22.Hovenweep National Monument
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Hovenweep National Monument, run by the National Park Service, contains six prehistoric villages built in the Pueblo area between 1200 and 1300 A.D. Balanced on the rims of canyons or perched precariously on boulders, the dwellings are viewable from a two-mile hiking trail through a small canyon.
The multi-tower buildings are still well preserved after eight hundred years, and seeing them is worth driving to the remote location on the Colorado/Utah border. Dogs are welcome on the hiking trails. The Square Tower Group has a small interpretative center, and rangers are available throughout the park to answer questions and give guidance. Hovenweep has a primitive 31-site campground that fills up on a first-come, first-served basis.
McElmo Route, Cortez, Colorado 81321, Phone: 970-562-4282
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23. Elitch Gardens
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Elitch Gardens is a theme park and water park in the middle of Denver. It is a park that all can enjoy; there are thrill rides and other attractions that are geared to families and small children. You can also find a large selection of wild metal roller coasters, experiences that drop riders from a great height, and a huge Ferris wheel.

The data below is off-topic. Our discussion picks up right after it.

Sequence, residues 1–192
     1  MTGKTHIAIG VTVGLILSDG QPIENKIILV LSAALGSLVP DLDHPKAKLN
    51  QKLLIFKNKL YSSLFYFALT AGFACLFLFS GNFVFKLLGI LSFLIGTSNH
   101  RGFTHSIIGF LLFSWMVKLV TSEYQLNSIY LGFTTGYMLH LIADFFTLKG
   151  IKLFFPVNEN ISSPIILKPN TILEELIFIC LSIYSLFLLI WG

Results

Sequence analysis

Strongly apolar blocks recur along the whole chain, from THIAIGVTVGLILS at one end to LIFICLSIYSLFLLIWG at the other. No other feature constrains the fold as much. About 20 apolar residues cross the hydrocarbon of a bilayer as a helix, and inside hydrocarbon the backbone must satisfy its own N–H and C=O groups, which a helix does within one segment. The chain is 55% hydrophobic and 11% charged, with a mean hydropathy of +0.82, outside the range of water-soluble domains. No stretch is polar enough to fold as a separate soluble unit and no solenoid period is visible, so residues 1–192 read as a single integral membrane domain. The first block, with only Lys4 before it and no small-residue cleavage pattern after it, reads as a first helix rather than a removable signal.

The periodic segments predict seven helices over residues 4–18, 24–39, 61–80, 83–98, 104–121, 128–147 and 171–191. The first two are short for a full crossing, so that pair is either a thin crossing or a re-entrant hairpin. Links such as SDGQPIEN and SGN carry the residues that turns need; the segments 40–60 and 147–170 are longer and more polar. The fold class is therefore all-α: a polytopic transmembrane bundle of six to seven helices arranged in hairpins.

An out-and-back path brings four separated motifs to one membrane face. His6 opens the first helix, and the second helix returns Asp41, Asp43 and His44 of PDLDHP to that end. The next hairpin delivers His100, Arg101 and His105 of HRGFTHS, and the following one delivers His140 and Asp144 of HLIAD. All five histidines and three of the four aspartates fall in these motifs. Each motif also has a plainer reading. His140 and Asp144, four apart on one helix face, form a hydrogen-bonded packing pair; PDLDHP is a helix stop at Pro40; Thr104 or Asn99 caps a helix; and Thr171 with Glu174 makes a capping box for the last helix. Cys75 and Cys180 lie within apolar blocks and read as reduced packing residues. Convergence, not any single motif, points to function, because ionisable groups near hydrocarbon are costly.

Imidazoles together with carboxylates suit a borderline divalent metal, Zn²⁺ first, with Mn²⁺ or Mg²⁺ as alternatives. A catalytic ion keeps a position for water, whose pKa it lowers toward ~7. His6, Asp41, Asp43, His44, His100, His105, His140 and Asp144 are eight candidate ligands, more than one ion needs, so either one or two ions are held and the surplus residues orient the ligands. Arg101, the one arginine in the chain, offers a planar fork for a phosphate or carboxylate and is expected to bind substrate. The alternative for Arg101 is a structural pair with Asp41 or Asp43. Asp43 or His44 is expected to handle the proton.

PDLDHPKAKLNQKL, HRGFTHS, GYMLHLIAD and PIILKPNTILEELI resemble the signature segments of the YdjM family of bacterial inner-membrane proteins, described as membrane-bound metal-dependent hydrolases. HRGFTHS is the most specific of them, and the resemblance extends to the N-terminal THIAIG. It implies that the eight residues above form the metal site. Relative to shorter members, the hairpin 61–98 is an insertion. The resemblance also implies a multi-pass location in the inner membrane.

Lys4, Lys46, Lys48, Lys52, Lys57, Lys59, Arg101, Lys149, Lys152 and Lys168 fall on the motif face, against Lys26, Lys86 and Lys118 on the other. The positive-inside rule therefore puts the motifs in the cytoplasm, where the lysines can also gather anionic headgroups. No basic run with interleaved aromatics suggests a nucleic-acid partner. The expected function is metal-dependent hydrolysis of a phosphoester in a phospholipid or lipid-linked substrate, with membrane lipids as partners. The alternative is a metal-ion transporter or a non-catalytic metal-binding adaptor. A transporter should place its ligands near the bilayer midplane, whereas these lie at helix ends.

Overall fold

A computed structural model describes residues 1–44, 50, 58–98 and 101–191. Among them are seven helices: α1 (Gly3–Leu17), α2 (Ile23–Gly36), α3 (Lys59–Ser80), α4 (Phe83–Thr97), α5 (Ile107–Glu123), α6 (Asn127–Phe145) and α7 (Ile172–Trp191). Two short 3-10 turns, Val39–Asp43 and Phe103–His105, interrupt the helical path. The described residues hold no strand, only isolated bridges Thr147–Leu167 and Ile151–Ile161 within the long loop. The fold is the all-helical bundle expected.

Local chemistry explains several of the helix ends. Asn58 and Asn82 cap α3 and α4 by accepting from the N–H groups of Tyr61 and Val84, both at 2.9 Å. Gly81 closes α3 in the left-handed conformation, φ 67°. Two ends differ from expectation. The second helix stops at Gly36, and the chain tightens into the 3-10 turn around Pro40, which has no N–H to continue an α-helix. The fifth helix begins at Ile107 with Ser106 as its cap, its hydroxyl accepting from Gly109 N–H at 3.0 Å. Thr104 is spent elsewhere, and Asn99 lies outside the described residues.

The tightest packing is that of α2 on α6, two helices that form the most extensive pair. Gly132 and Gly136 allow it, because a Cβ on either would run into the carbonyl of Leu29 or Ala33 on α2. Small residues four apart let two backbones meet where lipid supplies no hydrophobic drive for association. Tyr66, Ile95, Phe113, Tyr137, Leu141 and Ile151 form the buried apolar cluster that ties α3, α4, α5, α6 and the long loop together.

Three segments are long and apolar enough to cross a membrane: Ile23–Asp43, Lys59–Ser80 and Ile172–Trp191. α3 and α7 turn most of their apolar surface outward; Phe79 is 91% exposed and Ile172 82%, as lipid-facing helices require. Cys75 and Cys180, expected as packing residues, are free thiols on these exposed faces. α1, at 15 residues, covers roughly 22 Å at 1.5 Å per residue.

Kids will enjoy the carousel and trips in airplanes and trains that entertain without being frightening. Island Kingdom Water Park is a huge wet playground within Elitch Gardens with a whole assortment of water slides, including ones with enormous drops, and others that hurtle you at high speed. For families and children there are a lazy river, a wave pool, and slides geared to small tykes.
2000 Elitches Circle, Denver, Colorado 80204, Phone: 303-595-4386
24.Bent's Old Fort National Historic Site